In response to Caverly’s request that she go on record and say that Billy had to be portrayed by a Deaf actor, Raine decided that when the play is reprinted, she will include a note strongly encouraging theatres to cast a Deaf actor. She also talked to her agent about making the same stipulation when theatre companies get the rights to Tribes. She is hesitant to say that if you can’t find a Deaf actor, you can’t do the play, because as a director, she knows that sometimes things happen, like an actor becoming unavailable at the last minute. Still, she feels, a hearing actor should be a last resort. (Harvard’s understudy Off Broadway was a hearing actor because he also understudied the hearing role of the brother Daniel; that’s the way it’s usually done.)
“What I wouldn’t want is for people to cast some totally ordinary actor and say, ‘Just act Deaf—it can’t be that hard.’ The thing is, if you can’t get a part as a Deaf actor when there’s a Deaf part, when are you going to get cast?”
For the most part, theatre companies have been respectful of the Deaf community’s wishes. Amy Potozkin, casting director at Berkeley Rep, says they only looked at Deaf actors when casting Billy.
“The Deaf community’s feelings were paramount to us every step of the way, beginning with the casting process,” she says. She worked with New York casting director Alaine Alldaffer to reach out to all the theatres that had produced the play, and put out feelers to the Deaf community in the Bay Area and beyond. They ended up casting Caverly.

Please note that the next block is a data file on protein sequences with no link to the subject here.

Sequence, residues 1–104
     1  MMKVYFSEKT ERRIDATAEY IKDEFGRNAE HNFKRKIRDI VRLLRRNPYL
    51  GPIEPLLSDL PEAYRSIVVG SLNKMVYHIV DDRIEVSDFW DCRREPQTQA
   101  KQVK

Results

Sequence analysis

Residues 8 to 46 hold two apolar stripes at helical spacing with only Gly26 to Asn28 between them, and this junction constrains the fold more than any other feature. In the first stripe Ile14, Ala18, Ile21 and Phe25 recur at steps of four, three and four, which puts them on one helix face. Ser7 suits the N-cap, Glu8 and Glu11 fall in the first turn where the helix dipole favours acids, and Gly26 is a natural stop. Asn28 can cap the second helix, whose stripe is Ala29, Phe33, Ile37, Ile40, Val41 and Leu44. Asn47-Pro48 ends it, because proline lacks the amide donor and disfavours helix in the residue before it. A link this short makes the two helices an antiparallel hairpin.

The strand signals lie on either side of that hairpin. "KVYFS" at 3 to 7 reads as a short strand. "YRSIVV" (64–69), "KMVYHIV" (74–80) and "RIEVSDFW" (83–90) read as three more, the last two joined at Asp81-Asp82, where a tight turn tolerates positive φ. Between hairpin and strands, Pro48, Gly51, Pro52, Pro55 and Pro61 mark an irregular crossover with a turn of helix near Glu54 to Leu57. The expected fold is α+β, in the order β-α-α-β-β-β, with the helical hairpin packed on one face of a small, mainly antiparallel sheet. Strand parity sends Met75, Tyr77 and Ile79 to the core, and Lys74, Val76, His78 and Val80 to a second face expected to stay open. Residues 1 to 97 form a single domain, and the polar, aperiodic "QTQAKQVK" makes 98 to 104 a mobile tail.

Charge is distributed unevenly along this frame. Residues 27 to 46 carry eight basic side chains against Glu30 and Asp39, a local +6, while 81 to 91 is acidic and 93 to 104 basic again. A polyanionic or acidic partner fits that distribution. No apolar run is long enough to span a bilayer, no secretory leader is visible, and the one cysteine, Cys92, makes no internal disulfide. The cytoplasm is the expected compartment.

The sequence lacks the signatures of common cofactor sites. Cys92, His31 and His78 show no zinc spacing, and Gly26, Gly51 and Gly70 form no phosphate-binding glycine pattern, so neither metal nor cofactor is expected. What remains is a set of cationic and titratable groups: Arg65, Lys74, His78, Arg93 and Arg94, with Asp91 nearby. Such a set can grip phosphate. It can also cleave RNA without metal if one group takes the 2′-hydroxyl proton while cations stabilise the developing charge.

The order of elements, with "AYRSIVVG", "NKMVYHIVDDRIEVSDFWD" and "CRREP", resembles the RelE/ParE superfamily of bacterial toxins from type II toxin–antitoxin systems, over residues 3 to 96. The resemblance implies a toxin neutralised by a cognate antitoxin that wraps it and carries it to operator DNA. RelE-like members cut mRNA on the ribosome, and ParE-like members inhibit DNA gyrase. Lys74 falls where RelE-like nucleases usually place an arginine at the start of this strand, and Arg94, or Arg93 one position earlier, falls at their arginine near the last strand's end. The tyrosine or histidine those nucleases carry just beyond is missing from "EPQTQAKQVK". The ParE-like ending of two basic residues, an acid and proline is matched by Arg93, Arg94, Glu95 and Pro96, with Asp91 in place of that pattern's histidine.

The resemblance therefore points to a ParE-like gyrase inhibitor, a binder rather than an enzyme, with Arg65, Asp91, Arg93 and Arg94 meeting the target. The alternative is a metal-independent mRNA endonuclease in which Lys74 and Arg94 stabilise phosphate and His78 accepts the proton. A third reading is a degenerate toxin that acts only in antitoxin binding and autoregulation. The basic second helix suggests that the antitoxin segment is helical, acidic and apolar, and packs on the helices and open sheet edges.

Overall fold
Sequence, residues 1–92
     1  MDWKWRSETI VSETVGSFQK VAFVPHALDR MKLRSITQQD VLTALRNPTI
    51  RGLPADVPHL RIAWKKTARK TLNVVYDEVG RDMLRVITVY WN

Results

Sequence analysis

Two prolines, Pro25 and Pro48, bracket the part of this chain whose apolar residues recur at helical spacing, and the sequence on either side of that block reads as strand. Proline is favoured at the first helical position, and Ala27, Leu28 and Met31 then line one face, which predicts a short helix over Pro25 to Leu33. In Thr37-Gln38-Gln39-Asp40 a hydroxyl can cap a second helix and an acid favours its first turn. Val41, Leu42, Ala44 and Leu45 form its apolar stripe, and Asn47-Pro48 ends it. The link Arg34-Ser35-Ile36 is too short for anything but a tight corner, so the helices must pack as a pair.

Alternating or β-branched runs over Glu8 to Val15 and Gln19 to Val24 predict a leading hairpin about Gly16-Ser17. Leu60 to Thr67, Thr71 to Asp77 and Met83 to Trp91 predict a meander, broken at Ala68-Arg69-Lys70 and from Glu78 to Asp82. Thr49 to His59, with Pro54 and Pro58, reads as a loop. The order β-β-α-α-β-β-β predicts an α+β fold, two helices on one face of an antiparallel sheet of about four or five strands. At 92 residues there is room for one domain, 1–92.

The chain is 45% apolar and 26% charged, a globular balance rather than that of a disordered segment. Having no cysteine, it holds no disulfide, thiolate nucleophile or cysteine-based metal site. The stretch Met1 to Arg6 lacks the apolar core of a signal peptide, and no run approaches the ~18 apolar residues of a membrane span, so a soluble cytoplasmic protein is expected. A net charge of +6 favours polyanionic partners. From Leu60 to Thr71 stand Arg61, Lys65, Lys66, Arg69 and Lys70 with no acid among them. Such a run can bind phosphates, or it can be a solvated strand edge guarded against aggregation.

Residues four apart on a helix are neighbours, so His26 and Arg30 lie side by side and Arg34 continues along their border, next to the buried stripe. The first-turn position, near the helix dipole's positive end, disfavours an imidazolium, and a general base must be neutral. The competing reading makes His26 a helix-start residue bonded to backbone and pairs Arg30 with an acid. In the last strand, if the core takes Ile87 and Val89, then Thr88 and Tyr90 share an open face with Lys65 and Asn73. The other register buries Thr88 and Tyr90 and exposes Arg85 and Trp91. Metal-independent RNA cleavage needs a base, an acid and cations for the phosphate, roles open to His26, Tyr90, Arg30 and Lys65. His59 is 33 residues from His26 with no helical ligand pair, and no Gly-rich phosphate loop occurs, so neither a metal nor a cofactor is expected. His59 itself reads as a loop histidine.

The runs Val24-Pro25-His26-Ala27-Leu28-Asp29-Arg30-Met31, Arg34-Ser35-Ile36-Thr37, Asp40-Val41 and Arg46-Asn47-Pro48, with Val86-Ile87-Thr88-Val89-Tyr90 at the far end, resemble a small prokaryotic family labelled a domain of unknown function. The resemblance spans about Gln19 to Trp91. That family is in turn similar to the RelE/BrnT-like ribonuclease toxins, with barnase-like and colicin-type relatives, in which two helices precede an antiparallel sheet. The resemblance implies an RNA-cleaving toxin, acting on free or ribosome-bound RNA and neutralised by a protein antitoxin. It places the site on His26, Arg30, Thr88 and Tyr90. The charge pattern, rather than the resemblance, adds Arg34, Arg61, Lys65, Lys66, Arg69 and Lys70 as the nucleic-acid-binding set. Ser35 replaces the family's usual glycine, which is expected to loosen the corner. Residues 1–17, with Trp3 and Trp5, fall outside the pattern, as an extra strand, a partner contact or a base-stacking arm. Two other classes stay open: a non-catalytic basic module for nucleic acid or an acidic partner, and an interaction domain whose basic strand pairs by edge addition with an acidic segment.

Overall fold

“Joey is incredibly special and a fantastic actor and charming and attractive and appealing, and deep and funny—and I could go on and on,” Potozkin effuses.
What has also happened is that theatres have been expanding accessibility initiatives as a result of producing Tribes. “We used it as a chance to take a look at accessibility pretty broadly, not just for Deaf and hard-of-hearing audiences, but also for people of limited mobility, for the blind—an across-the-board look and self-evaluation,” says David Muse, artistic director of Studio Theatre and director of its 2014 production of Tribes. For Tribes, at least one performance a week was either sign-interpreted or captioned (people usually have strong preferences one way or the other), mixing when they would fall during the week to provide audience members with options.
Now every production in Studio Theatre’s main series and off-subscription series has sign-interpreted, captioned, and audio-described performances. They also offer on-demand performances if a patron wants one of these performances on a day when one hasn’t been scheduled, and do everything possible to accommodate those requests.